Why the Collegium should consider appointing more women to the top magistracy
As stated by the South African Commission on Judicial Services (2010), it is also important to keep in mind the message that is sent to the wider community whenever a Supreme Court appointment is made. taken. Therefore, for the Supreme Court to show its commitment to the agenda of women’s empowerment and better representation of all genders in the justice system, it is essential that India receives a female judge. chief. However, the same remains a distant reality from now on.
After the recent retirement of two eminent Supreme Court justices, Indu Malhotra and Judge R. Banumathi, there is only one female judge on the Apex Court, Judge Indira Banerjee who is also due to take her retire in 2022. Having a female judge and a male The dominated Supreme Court hardly seems fair in a country where 48 percent of the population is female and the focus is increasingly on improving representation women in all pillars of democracy. The new college of the Supreme Court, headed by the 48e Chief Justice NV Ramana is charged with a huge but necessary imperative to reduce the gender disparity in the Indian justice system.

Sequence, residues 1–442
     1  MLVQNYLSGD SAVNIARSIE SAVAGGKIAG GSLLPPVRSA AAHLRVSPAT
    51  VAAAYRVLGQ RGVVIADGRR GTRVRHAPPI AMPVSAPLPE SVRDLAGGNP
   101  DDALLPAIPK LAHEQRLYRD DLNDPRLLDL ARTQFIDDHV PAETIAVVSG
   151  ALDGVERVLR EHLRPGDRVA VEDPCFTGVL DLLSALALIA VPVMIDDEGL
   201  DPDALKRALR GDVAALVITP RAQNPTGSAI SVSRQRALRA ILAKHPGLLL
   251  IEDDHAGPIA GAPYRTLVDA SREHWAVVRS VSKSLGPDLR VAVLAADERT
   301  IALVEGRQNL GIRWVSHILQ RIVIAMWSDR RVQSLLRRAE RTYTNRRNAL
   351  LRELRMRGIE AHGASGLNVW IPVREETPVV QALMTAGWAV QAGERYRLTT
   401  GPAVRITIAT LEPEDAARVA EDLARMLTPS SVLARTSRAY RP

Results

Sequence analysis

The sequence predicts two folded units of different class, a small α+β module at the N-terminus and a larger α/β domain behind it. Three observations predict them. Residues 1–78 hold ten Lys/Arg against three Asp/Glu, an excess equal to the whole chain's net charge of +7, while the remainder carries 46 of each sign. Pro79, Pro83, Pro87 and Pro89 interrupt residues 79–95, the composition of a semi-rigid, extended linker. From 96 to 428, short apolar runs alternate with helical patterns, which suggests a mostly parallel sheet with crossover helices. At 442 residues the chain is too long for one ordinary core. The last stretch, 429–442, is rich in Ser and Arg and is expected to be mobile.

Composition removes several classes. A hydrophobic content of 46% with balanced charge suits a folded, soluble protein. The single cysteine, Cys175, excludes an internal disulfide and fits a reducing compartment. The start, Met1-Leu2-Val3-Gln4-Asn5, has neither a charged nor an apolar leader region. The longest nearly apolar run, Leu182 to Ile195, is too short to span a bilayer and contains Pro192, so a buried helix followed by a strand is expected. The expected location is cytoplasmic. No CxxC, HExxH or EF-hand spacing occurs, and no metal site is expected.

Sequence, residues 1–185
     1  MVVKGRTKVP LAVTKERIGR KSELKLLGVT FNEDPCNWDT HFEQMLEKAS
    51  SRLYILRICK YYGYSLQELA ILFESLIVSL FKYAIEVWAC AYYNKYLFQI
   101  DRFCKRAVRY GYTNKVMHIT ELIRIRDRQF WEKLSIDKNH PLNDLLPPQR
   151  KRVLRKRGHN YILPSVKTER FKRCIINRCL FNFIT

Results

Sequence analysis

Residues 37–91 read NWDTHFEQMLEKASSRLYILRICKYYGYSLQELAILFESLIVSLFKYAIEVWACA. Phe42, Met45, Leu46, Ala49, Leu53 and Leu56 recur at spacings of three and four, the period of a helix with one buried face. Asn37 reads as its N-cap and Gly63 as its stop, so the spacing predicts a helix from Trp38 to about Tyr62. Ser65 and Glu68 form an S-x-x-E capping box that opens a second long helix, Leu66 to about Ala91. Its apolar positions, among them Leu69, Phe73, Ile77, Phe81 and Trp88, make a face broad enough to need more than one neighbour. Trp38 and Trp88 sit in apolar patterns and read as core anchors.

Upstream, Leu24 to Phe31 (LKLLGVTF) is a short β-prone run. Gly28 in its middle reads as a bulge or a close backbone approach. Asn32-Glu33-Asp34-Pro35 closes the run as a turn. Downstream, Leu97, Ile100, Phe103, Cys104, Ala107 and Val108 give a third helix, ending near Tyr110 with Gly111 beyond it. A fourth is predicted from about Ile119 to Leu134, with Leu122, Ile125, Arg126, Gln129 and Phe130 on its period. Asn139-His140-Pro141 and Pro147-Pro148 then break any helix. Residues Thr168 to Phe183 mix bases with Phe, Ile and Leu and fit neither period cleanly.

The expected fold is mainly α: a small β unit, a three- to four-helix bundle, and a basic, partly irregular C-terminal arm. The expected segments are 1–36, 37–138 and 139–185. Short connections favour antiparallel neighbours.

Former Chief Justice, SA Bobde said “the time has come for a female Chief Justice of India” but her actions indicated otherwise when it was up to him and the college he headed to appoint. Judge BV Nagarathna of the High Court of Karnataka.
Justice Nagarathna is ranked 46 on the Supreme Court’s seniority list who might one day have become chief justice. However, the college led by CJI Bobde failed to come to a consensus for his appointment and it now shows just how important the glass ceiling in the justice system is becoming more and more important with each passing day.